7, 8, 9 — Sandhill Crane Festival. Co-sponsored by CDFW, the festival is centered at Hutchins Street Square, 125 S. Hutchins Street, Lodi (95240) with tours embarking to surrounding areas. For more information, please visit

8 — General Pheasant Season Opens and Extends through Dec. 21. For more information, please visit or contact Levi Souza at or (916) 445-3709.

8 — Fresno SalmonFest, 11 a.m. Lost Lake Recreation Area, 16385 N. Friant Road, Friant (93626). Co-sponsored by the San Joaquin River Partnership and CDFW, SalmonFest is a celebration of San Joaquin River restoration and offers a chance to learn about the San Joaquin River Restoration Program and experience the river and other activities. For more information, please visit

8 — Fall General Turkey Season Opens and Extends through Dec. 7. For more information, please visit or contact Levi Souza at or (916) 445-3709.

8 — Late Dove Season Opens and Extends through Dec. 22. For more information, please visit or contact Levi Souza at or (916) 445-3709.

9 — Last day of Recreational Ocean Salmon Season from Horse Mountain to Pigeon Point. Recreational ocean salmon fishing is now closed statewide. For more information, please visit the ocean salmon web page at or call the ocean salmon regulations hotline at (707) 576-3429.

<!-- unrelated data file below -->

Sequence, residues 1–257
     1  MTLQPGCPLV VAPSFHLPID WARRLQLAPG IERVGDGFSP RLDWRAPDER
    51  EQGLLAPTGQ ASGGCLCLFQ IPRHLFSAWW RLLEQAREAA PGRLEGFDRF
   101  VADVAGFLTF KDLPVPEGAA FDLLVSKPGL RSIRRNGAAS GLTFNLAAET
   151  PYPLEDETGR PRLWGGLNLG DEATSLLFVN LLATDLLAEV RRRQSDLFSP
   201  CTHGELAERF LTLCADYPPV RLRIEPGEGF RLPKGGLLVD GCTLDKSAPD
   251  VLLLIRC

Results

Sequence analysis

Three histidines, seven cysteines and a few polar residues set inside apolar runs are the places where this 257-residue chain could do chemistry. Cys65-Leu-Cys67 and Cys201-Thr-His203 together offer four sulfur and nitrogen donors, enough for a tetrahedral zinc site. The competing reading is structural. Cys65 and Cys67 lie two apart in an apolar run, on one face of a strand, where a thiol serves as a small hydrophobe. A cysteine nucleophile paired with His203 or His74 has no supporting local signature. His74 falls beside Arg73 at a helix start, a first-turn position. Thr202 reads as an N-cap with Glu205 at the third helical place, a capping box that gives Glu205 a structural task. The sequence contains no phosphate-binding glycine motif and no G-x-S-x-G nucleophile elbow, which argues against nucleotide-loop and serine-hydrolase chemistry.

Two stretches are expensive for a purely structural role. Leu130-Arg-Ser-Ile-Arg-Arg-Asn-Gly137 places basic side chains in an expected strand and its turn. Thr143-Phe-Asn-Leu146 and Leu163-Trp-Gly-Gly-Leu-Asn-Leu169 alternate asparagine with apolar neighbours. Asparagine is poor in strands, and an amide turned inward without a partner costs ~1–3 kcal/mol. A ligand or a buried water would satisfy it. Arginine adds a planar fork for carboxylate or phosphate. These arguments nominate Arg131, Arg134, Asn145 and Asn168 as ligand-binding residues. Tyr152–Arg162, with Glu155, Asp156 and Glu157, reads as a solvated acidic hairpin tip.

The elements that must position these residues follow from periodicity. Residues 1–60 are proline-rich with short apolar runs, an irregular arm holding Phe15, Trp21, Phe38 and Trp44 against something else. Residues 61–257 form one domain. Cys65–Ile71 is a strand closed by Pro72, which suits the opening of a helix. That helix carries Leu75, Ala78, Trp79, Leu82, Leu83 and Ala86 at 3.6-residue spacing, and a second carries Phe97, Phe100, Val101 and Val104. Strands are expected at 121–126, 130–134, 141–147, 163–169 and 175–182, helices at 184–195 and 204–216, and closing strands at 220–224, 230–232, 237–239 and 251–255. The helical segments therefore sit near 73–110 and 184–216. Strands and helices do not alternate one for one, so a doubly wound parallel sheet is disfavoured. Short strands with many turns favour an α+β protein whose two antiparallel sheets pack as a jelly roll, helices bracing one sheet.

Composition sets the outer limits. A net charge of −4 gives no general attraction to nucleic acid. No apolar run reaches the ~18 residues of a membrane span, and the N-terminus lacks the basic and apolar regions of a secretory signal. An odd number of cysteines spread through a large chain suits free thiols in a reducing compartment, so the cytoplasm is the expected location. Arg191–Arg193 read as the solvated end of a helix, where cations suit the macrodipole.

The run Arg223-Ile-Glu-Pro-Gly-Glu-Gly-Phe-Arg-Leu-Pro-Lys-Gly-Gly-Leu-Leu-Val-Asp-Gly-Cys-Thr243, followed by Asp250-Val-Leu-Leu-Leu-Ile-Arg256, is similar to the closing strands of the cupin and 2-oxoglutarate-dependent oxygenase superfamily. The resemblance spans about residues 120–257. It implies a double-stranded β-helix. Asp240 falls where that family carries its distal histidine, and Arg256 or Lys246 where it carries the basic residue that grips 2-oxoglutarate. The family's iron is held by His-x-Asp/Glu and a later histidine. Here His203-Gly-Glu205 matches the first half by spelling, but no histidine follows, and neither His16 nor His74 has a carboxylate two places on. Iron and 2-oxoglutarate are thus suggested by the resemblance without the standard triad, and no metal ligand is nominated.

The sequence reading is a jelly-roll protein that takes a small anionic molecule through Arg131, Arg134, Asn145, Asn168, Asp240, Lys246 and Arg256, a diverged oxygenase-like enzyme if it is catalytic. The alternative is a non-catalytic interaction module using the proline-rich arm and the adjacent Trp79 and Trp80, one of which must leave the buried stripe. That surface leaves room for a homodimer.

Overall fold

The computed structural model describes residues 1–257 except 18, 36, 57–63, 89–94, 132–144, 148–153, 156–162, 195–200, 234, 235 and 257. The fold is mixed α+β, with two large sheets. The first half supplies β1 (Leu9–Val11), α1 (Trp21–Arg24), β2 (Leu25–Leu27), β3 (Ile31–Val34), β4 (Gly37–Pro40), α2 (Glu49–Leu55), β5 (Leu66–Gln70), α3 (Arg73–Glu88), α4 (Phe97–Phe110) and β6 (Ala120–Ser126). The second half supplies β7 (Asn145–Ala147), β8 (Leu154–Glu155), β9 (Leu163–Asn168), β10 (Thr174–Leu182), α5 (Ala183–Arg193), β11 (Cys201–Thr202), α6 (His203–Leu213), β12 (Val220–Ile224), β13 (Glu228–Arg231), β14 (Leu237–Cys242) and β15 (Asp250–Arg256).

10 — Predation on Threatened and/or Endangered Species in the Delta, Sacramento and San Joaquin Watersheds Proposal Solicitation Package Submission Deadline. Applicants must submit their mailed proposals no later than Nov. 10. For more information, please visit or call (916) 445-0604.

15 — First Day of Commercial Dungeness Crab Season South of Mendocino County. For more information, please visit


Scientists work to save endangered desert mammal

Amargosa voles, small rodents that inhabit rare marshes of the Mojave Desert, have faced dire circumstances in recent years. Loss of habitat, extreme drought and climate change brought this subspecies of the California vole to near extinction, leaving only a few hundred clinging to existence. It is now one of the most critically endangered mammals in North America. Its luck may be changing with the birth of the first set of pups from a new captive breeding program at the UC Davis School of Veterinary Medicine.

An interdisciplinary research team is working to study the vole and ultimately shore up the population so that it doesn’t go extinct. As part of that effort, the team began a captive breeding program. Ten females and 10 males, all about five weeks of age, were removed from the wild in mid-July and brought to UC Davis.

The research team includes members from UC Davis, the California Department of Fish and Wildlife, the Bureau of Land Management, the U.S. Fish and Wildlife Service, the U.S. Geological Survey and UC Berkeley.

In the field, researchers have observed fluctuations in the size of the Amargosa vole population.